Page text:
29 Sep Wanting to be taken care of
We were standing in front of Penn Station talking about why I didn’t need him to come down to the waiting area with me. I was resisting his offer, for no good reason. It was an unspoken resistance that I now understand was about taking care of myself as opposed to allowing someone to take care of me. We talked for a few minutes, had a nice goodbye kiss, then he left–after escorting me down the escalator to help with my bags. I waited for my train to arrive, alone and regretting the decision.
Seth Godin writes about our fears and dreams. In his list of what one dreamed of was the phrase–being taken care of. In that moment I recognized myself. The emotion that had surfaced on my train ride home and the following day. A mixture of sadness and bewilderment at the intensity of feelings I was experiencing after a long weekend in the city–with a man I had just met. A weekend of long walks and meals and conversation–being seen and heard, and feeling attended to.
On Monday morning it came down to being taking care of as he led me along the crowded city street to the subway, carrying my bag. Checking to make sure I was comfortable taking the subway instead of a cab, navigating the train station. Small stuff, but all focused on my needs in the moment. Considerate, thoughtful, generous.
I’m not always comfortable with being attended to so thoroughly. And I often say no, politely, but a no that serves to isolate me a little and deprive others of the opportunity to do something nice for me. I insist that I can handle it. I shut down a little. I protest, silently, fearing I might be perceived as needy rather than understanding that the offer comes from a different place. The giver has his/her own motive that is based in kindness and concern.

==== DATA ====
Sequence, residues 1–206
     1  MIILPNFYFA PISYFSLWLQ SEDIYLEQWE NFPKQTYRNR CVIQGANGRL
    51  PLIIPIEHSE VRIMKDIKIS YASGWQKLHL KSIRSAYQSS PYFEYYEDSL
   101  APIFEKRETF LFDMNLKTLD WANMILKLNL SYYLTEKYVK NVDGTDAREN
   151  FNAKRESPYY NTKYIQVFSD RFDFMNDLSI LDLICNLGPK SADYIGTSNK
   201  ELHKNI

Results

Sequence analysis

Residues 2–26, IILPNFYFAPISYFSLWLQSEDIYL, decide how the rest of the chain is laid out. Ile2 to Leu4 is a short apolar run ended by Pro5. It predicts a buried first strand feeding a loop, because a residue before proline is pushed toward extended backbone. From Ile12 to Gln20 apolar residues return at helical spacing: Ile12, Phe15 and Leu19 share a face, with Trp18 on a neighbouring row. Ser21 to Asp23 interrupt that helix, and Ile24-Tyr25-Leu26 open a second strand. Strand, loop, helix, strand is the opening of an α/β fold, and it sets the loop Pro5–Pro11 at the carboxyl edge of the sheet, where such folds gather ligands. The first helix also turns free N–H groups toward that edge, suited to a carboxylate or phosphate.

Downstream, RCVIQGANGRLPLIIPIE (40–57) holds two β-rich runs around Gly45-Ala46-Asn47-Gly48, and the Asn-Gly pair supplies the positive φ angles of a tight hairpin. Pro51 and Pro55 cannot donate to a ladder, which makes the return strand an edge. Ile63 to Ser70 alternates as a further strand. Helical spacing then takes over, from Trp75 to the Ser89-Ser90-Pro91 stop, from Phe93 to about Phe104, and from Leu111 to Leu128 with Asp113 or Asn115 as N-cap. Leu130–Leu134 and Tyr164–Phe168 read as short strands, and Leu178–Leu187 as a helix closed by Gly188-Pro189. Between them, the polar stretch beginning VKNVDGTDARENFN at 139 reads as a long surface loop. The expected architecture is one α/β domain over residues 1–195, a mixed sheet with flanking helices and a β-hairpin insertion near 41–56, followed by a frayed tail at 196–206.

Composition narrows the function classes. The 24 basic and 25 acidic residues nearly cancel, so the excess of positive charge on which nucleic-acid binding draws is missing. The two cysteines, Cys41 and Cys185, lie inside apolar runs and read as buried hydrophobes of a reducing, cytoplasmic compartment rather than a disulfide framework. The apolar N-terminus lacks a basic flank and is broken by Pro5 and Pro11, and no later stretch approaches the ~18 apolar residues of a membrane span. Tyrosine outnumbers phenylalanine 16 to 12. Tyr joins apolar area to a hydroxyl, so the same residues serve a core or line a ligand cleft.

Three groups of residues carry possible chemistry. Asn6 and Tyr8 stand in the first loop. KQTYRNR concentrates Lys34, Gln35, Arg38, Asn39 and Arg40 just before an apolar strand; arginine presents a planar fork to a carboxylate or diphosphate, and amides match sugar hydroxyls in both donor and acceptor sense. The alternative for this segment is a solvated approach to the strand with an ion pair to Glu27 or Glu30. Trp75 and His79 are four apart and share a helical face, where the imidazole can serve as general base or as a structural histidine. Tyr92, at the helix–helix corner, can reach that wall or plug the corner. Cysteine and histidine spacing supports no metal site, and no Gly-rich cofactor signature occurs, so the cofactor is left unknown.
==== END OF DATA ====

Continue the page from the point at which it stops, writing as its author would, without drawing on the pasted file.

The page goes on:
And deep inside, I do want to be taken care of. The little girl who learned to hide her emotions, who fought off feeling helpless at times wants that. The strong woman who has fought too many battles alone would like a strong arm enveloping her–inviting her to relax and lean back a little. But she can’t always allow it. I’ve had to learn that it is OK to fall apart a little and to admit to needing help. And, that none of this diminishes me.
Maybe the only way to fulfil the dreams is to let go, to face the fears–confront my vulnerabilities. Feeling the freedom in letting go and being accepted in all my weaknesses and frailties. My wonderful traits as well. I know I’m not alone. We each have our own lists of fears and dreams. I’m processing my recent experience and thinking about what I need in my life and what I have to do in order to satisfy those dreams and desires. One of the answers, for there are many, is to accept. To trust, to let go, to be willing to embrace my vulnerabilities. And maybe what all of us need is to welcome our fear–knowing that by seeing it and labeling it, we are in charge, no longer controlled by our fears. Creating space for dreams to be filled, for good things to happen, for the right person or right experience to come into our lives.
I’m musing aloud on this. It’s a part of my process, and it’s a bit uncomfortable admitting to this in public, but that’s also part of the process. I used to think it was harder for women to let themselves be taken care of, in our struggles to show our strength and independence in a culture that labels us as the weaker sex. I believe men also have that desire for someone to want to take care of them–it’s what happens when we’re connected to another. It’s not an indicator of neediness or frailty, actually it takes strength to admit to wanting or needing a little assistance or attention at any given moment. It’s not about making one of us weaker, it’s about giving. Pleasure comes in all forms. When the offer is heartfelt and we say no, we have denied both of us an opportunity for something good.